var args - (nf)

John Bruner jdb at mordor.UUCP
Fri Nov 11 02:14:37 AEST 1983

Now that all of the mail has come in, here is a summary of the
responses I received to my inquiry about argument passing in C.

The consensus was that it is "legal" to implement a compiler for
which functions that do not use "varargs" must be called with the
same number of arguments with which they were defined.  This would
mean that if the 4.2BSD "open" were declared as

	open(path, flags, mode)
	char *path;
	int flags, mode;

then calling it in the old way

	open("/dev/null", 0);

would be incorrect.  Although such an implementation is "legal" it
is undesirable because many programs from more permissive
environments (e.g. the VAX) depend upon this characteristic.  (One
example of this occurs in the Portable C compiler itself.)

Several people also pointed out that right-to-left evaluation of
the arguments would place the first argument at a constant offset
from the called routine's stack frame, regardless of the direction
of stack growth.  I should have mentioned in my original inquiry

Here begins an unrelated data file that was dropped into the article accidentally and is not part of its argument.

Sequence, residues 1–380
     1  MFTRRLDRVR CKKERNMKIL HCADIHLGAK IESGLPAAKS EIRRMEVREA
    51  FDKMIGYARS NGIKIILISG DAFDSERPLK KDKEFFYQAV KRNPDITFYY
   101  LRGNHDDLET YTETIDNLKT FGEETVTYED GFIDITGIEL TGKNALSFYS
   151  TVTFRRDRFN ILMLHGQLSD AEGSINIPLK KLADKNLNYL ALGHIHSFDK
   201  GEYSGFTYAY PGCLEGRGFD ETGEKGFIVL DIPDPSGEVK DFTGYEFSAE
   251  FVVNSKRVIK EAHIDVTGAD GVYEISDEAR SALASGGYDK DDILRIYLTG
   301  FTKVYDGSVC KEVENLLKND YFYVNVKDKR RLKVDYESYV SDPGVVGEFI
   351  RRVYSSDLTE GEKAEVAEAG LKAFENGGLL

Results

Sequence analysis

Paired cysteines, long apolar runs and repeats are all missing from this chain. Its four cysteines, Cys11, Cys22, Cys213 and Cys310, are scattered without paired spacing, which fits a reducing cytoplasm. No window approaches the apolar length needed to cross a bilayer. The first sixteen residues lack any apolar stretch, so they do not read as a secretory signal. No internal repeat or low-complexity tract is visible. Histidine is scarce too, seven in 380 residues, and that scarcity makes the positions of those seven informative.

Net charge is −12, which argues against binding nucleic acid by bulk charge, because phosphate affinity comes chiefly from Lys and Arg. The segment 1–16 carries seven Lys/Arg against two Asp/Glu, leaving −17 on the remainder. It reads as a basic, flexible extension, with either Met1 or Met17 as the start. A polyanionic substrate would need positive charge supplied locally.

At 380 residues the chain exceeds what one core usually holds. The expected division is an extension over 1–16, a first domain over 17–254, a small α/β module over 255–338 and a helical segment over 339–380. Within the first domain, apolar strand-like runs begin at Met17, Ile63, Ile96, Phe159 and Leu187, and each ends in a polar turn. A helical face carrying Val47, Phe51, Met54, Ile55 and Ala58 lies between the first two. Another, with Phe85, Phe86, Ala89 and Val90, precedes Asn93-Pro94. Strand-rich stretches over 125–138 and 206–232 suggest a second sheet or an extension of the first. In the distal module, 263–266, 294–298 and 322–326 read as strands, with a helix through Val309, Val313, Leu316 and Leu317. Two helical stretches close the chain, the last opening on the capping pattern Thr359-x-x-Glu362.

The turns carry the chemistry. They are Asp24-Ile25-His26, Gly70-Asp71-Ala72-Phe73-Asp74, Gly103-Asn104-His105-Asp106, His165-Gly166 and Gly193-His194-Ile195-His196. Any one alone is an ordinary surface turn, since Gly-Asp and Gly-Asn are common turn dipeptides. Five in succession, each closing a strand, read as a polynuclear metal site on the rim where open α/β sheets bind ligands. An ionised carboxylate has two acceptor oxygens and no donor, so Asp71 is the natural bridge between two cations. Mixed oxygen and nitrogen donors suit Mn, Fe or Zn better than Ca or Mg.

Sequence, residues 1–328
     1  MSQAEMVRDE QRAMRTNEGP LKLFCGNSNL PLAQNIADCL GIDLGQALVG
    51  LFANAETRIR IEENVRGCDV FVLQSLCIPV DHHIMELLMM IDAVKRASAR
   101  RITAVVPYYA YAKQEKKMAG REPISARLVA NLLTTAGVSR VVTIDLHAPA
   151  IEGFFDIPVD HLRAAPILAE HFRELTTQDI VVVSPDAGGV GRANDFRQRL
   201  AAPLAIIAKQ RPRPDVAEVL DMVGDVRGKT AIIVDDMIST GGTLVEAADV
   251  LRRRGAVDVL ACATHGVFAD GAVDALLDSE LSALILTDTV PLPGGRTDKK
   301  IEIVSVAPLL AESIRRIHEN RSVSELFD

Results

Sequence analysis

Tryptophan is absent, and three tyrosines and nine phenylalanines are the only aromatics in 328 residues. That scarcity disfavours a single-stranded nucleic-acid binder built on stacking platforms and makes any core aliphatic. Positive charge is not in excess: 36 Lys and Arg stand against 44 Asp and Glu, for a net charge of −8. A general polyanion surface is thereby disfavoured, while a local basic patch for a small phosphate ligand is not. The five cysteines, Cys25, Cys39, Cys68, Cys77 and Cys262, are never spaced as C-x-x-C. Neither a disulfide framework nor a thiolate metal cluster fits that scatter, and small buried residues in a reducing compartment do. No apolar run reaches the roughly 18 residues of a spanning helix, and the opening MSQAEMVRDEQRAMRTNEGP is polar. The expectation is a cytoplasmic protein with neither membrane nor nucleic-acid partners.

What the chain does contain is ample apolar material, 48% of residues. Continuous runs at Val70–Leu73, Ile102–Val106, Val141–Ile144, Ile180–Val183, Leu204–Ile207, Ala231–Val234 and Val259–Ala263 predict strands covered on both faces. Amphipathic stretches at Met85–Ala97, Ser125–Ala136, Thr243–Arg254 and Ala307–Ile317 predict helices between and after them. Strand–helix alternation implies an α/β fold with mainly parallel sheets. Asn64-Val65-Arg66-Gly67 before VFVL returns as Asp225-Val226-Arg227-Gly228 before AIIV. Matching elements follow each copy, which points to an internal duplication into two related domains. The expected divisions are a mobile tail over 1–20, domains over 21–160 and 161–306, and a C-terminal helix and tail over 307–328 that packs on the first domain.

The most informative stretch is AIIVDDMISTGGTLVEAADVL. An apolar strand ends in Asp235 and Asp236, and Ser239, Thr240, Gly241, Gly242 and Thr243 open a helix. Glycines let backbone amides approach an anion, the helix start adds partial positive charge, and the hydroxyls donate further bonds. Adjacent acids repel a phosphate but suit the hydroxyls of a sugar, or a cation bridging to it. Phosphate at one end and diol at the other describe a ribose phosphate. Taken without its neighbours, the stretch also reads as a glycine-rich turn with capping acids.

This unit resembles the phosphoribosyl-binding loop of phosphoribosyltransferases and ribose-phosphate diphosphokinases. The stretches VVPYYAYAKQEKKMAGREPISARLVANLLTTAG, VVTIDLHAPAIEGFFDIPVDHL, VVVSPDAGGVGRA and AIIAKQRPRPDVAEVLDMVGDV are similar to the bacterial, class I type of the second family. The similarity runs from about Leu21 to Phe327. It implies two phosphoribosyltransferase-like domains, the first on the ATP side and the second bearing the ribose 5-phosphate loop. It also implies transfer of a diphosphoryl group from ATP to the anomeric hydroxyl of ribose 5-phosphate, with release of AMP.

that we chose left-to-right evaluation because we wanted the
arguments to be stored with ascending addresses.  Some C programs
desire this characteristic as well.

The other method for handling cases such as the one above is to use
a register as an argument pointer.  The AP points to the first
argument and all variables are referenced with positive offsets from
the AP.

We are changing the calling sequence for the S-1 compiler from one
calling mechanism (JSR/RETSR) to another one (CALL/UNCALL) that
was originally intended for another language implementation.  This
will allow us to pass an argument pointer in an efficient way.
All of the usual "tricks" with regard to argument passing in C
should then work "correctly".

Thanks for all of the help.

	John Bruner
	S-1 Project/Lawrence Livermore National Laboratory

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